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Diverse Knowledge and the Solutions #ForNature How are national ecosystem assessments finding solutions for nature and people?

In 2021, we celebrate International Day for Biological Diversity with the slogan, "We’re part of the solution.” This year’s slogan is an opportunity to celebrate people around the world who are an integral part of the many solutions for nature, whether through their work, knowledge or ways of life.

People depend on healthy ecosystems and their services to society, from nutrition and pollination to purifying water and regulating climate; healthy ecosystems provide countless benefits that underpin our wellbeing and livelihoods.

A better understanding of our dependencies and impacts on nature can improve policies and decisions across sectors. Many countries around the world are strengthening this understanding through national ecosystem assessments (NEAs), shedding light on diverse solutions for nature and reflecting its full value in decision-making.

Knowledge for solutions, solutions for nature

NEAs deliver critical knowledge on biodiversity and ecosystem services that can be used by decision-makers to address questions and solutions for nature and society. A diverse group of knowledge holders come together to examine existing information and data on nature and its contributions to people. This is then captured and communicated in a way that is relevant and useful across sectors, to inform policies and decisions that benefit people and nature.

Practitioners from 11 countries across 5 continents are being part of the solution through their own NEAs. Interdisciplinary assessment teams are engaging with many stakeholders and their diverse knowledge systems to reflect the trends in nature and its value to society. This includes indigenous peoples and local communities (IPLCs), researchers, practitioners, civil society, the private sector and policymakers, all collaborating to strengthen knowledge and policy on biodiversity and ecosystem services. Four countries, namely Cameroon, Colombia, Ethiopia and Viet Nam, will complete their NEAs by the end of this year and will start using their findings to advise decision-making and leverage solutions for nature and people.

Diverse knowledge systems from diverse ecosystems

Much of our current knowledge and data comes from the work of scientists, experts and practitioners who have dedicated their lives to the conservation and sustainable use of nature. However, valuable knowledge of nature and its benefits can also be found in the knowledge systems, languages and cultures of IPLCs which are often deeply rooted in the natural world. More IPLCs are engaging in conversations on biodiversity and ecosystem services contributing their experience, expertise and valuable solutions for sustaining various aspects of nature and society.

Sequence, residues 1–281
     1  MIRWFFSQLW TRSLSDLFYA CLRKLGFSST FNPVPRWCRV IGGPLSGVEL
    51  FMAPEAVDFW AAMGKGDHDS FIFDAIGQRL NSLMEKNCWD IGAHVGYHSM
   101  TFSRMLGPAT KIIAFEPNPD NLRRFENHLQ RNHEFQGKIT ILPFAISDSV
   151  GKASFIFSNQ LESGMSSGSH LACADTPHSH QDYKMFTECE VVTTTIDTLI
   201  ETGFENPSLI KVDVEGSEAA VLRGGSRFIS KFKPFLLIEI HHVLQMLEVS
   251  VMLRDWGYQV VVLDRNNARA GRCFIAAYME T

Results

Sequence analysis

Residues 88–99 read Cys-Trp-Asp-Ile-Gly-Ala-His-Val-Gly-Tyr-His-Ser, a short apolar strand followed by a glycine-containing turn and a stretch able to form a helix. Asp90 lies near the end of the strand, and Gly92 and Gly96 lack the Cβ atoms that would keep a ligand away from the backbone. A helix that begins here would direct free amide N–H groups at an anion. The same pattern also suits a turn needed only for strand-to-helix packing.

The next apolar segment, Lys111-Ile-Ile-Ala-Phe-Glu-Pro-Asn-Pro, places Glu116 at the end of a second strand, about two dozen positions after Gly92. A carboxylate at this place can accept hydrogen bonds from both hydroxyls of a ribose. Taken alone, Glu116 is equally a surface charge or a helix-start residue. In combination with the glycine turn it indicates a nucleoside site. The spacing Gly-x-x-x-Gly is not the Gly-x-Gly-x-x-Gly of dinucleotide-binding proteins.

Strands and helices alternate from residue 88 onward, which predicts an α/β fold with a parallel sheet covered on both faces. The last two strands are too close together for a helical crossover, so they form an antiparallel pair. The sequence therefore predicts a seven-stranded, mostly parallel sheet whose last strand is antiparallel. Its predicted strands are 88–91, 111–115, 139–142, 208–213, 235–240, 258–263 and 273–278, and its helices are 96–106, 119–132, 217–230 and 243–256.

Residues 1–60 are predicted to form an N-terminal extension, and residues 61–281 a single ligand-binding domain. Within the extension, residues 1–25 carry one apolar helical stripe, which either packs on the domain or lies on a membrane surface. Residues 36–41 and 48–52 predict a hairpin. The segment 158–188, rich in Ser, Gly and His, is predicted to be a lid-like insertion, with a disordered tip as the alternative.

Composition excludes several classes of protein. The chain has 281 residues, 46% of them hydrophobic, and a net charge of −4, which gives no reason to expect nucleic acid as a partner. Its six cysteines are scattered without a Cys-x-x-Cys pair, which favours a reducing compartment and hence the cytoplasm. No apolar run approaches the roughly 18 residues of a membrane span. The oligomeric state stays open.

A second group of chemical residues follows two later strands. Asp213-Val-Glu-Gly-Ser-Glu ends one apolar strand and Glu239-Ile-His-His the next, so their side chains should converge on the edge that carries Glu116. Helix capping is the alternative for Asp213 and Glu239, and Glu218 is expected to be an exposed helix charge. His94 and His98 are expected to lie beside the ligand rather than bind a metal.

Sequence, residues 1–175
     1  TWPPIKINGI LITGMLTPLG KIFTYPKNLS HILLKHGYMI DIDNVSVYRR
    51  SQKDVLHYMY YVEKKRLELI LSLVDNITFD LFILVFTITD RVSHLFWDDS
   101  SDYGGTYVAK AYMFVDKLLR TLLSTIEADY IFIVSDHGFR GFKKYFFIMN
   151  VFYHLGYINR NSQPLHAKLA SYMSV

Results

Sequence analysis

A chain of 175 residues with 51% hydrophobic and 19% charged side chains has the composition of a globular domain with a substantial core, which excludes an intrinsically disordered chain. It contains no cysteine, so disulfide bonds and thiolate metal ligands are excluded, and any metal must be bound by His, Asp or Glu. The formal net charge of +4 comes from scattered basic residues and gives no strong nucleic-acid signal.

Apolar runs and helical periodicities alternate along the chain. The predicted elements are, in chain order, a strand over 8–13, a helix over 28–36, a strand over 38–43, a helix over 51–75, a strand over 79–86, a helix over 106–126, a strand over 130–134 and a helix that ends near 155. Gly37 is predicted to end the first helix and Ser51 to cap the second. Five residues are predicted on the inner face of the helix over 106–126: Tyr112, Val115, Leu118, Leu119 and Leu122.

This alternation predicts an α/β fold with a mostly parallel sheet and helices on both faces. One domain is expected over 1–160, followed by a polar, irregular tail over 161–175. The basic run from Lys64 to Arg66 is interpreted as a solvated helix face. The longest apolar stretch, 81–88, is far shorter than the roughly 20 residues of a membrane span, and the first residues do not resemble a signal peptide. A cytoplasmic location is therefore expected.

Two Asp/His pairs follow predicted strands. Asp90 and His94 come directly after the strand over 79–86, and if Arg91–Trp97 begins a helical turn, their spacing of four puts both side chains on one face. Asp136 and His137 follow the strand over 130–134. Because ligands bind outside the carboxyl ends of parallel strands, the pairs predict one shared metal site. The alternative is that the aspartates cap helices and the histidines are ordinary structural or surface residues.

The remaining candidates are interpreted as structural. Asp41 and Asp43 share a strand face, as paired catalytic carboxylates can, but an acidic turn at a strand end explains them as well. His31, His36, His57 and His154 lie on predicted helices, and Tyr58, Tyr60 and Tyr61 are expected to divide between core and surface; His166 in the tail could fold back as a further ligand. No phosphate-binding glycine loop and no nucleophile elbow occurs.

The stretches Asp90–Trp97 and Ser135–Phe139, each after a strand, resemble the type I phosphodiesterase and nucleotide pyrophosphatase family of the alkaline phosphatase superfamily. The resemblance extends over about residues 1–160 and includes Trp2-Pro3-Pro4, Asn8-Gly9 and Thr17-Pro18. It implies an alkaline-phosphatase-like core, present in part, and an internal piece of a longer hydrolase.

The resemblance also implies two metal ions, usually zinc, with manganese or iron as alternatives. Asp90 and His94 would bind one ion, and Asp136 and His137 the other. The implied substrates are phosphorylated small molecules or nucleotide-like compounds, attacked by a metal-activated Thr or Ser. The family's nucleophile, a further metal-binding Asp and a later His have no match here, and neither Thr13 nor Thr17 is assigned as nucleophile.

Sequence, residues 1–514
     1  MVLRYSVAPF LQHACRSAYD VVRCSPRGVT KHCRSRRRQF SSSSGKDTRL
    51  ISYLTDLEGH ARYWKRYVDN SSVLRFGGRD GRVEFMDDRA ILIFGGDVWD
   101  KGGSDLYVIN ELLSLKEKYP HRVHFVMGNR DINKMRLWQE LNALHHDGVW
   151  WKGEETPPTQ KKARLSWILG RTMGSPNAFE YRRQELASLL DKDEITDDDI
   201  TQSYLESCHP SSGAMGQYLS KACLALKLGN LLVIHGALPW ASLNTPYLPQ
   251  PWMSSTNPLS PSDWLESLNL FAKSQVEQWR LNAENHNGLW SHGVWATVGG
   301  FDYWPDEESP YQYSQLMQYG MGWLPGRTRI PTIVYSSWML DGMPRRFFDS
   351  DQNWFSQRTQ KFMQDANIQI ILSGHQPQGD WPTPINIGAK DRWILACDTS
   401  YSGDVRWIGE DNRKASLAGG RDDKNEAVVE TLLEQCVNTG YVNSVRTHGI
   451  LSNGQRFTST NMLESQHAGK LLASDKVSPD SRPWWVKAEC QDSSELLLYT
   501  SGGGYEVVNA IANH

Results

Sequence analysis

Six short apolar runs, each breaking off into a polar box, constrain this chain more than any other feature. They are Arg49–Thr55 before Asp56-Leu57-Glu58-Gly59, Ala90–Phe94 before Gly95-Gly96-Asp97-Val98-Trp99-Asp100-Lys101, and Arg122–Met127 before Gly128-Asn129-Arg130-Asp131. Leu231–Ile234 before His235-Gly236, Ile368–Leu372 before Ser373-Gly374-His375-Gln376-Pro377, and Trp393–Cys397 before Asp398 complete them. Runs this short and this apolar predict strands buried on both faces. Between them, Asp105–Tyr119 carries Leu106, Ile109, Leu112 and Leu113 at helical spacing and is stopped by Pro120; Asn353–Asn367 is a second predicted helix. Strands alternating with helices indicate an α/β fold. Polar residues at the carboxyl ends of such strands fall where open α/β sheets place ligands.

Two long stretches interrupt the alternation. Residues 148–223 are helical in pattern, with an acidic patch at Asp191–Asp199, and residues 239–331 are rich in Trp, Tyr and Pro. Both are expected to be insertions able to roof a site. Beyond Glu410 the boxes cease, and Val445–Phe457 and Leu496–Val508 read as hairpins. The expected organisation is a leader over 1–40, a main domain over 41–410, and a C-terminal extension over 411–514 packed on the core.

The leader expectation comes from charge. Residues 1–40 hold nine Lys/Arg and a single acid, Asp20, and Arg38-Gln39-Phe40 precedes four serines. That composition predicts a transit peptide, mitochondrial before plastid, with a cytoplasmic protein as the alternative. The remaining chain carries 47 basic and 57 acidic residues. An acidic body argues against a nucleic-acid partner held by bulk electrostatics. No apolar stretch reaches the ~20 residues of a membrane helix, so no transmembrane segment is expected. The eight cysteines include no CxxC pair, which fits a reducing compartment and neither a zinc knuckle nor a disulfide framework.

In turn, assessment teams around the world are striving to include IPLCs among other stakeholders in the NEA process. The NEA team in Colombia centred their National Trialogue around the country’s biocultural diversity and dedicated a chapter in their assessment to indigenous and local knowledge. The NEA team in Grenada embraced the power of digital storytelling and encouraged stakeholders to creatively share their solutions for the challenges facing nature. NEA country teams are now being supported by UNESCO’s experts to improve how scientific researchers, indigenous peoples and local communities can share knowledge in fair and effective ways.

The challenges facing nature are diverse, as are the solutions to these challenges. NEAs around the world are helping countries identify and leverage diverse solutions, supporting greater consideration of nature’s contributions to people in decision-making. As the international community revises its goals for nature and climate, NEAs can also support countries implement their environmental commitments, working towards the 2050 Vision of “Living in harmony with nature”.

UNEP-WCMC’s National Ecosystem Assessment Initiative is part of BES-Net and works in collaboration with UNDP and UNESCO. This work is funded by the German Federal Ministry of Environment, Nature Conservation and Nuclear Safety’s International Climate Initiative (IKI).

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